Lost in Translation
'All happy families are alike but an unhappy family is unhappy after its own fashion.' This, the opening sentence of ANNA KARENINA, is one of the most famous in literature. But would it be better like this: 'All happy families are alike: each unhappy family is unhappy in its own way'? I've decided that it would, which is why I am reading the recent highly acclaimed translation by Richard Pevear and Larissa Volokhonsky for Penguin Classics instead of Rosemary Edmonds' 1954 translation in my old Penguin edition.
I read the novel when I was a very young woman and re-read it, too. I agreed with William Faulkner. When he was asked to name the three best novels ever, he replied, ANNA KARENINA, ANNA KARENINA, ANNA KARENINA.' Mind you, I hadn't read Proust then.
I've been meaning to reread ANNA KARENINA for a while. But at well over 800 pages it is a commitment. I suggested it to my reading group and we decided to have it an optional extra which we could spread over a year.
When I picked it up a fortnight ago I put it down after a few pages. It seemed a bit stiff and old-fashioned. I wondered if the translation was to blame. This was a question that never occurred to me when I first read it. Maybe I am more sensitive to language and more detached than I was when I first read it, devouring it for the story, living almost every moment, not knowing what would happen next.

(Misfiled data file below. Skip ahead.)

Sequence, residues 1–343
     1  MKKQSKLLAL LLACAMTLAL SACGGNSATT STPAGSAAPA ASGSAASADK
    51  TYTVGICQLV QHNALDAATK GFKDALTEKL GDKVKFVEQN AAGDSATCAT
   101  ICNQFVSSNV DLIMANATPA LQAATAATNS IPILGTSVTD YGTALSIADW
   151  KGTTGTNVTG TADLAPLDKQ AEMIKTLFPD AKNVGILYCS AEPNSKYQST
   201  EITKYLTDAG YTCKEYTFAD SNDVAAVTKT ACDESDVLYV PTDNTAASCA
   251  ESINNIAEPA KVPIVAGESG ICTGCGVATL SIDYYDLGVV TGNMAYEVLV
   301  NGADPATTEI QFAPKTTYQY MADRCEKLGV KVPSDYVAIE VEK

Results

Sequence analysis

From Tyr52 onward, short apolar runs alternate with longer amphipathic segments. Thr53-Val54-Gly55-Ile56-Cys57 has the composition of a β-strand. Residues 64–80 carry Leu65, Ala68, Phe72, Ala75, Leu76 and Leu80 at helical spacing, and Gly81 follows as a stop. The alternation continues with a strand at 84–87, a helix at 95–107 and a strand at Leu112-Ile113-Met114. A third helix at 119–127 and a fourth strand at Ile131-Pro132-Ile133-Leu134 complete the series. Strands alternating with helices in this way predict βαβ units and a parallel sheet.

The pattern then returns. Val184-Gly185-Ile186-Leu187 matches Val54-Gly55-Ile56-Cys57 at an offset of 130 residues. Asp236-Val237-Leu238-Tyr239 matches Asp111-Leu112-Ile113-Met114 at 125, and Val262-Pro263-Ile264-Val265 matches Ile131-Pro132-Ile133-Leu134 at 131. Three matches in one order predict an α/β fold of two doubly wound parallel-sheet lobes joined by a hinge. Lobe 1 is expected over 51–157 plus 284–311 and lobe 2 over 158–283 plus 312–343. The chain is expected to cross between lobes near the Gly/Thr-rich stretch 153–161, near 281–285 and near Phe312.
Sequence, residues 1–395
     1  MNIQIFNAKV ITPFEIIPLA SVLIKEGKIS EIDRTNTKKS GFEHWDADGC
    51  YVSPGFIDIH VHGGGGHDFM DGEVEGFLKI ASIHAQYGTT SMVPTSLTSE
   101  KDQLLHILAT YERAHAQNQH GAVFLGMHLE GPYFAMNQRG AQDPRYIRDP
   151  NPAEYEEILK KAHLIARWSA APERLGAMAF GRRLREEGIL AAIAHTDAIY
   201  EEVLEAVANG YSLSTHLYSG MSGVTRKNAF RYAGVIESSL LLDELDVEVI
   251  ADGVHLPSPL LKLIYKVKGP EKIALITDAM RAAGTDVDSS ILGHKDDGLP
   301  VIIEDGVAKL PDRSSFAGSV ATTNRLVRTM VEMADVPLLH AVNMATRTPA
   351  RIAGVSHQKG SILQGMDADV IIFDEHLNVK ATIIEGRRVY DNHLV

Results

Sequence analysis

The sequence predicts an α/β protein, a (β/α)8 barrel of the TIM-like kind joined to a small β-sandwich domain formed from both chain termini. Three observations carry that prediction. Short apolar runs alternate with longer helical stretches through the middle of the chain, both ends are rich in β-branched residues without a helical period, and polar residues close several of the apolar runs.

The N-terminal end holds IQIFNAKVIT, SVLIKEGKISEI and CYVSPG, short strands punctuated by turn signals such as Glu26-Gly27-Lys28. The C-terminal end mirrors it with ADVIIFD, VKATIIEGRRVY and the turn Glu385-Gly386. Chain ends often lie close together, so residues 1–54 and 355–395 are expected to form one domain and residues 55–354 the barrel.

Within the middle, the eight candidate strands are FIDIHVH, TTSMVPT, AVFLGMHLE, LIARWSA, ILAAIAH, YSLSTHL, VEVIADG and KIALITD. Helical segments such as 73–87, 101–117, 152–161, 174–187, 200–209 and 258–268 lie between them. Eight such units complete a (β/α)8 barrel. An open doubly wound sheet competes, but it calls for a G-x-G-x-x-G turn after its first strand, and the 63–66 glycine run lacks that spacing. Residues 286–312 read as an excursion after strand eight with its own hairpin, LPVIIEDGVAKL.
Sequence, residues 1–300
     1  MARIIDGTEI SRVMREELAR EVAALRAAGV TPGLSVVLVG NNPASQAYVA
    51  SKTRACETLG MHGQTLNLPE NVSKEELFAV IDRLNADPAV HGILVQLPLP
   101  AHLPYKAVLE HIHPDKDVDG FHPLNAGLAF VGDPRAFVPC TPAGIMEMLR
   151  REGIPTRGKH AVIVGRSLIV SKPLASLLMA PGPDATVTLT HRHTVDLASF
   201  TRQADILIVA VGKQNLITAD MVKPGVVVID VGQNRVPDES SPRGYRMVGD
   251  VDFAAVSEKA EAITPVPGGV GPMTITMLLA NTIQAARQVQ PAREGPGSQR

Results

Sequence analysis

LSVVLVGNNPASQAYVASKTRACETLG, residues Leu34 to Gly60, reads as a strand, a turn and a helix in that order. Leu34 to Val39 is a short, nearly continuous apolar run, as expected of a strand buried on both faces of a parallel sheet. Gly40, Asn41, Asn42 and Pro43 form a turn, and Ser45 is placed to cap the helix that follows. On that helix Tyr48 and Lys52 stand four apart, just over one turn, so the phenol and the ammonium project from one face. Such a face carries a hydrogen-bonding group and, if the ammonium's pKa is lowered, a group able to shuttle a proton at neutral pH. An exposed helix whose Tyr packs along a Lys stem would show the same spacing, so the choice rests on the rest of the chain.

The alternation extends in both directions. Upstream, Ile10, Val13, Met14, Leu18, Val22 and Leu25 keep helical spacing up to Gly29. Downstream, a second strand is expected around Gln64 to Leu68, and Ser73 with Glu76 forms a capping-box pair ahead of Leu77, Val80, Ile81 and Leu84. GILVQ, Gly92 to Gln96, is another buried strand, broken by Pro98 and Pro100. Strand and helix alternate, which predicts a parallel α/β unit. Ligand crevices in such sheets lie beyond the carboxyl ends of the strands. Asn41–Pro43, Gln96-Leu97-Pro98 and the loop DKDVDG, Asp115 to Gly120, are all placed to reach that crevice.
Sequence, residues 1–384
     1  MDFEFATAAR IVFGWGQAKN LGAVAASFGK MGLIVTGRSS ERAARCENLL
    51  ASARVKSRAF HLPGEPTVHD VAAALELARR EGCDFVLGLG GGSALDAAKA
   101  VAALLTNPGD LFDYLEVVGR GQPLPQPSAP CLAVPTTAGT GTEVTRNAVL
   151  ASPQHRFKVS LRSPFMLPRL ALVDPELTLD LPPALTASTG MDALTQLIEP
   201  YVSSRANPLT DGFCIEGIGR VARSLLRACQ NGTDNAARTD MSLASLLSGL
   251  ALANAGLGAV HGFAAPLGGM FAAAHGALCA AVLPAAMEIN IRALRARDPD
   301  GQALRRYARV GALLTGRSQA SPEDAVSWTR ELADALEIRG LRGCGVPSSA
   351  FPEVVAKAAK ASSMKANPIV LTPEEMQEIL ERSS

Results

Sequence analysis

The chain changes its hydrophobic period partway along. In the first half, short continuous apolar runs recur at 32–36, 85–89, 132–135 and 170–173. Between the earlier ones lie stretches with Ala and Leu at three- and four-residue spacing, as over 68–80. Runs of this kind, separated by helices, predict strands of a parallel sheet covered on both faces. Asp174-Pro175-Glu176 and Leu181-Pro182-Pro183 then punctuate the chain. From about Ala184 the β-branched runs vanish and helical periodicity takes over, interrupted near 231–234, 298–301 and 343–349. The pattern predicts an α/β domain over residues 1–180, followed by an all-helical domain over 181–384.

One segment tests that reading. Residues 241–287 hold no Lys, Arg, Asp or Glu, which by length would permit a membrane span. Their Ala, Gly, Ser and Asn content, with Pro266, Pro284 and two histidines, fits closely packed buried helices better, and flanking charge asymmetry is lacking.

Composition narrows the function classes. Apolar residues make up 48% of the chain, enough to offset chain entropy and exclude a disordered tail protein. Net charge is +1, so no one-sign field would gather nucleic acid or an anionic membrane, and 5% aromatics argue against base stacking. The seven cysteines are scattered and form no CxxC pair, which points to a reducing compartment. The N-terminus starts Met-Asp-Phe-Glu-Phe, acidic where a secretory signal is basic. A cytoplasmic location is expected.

I ordered the new translation, and now I am completely gripped. What a daring writer Tolstoy is. What writer nowadays would delay the entrance of the main characte until page sixty? And yet how important those introductory chapters are, how well they establish the themes of the novel, how absorbing they are.
I am well over half way through and it is as brilliant as I remembered (though some of Levin's thoughts and discussions on Russian politics and agricultural economy are as dull as I remembered, too).
That's for now. I'll let you know what I think when I've finished it.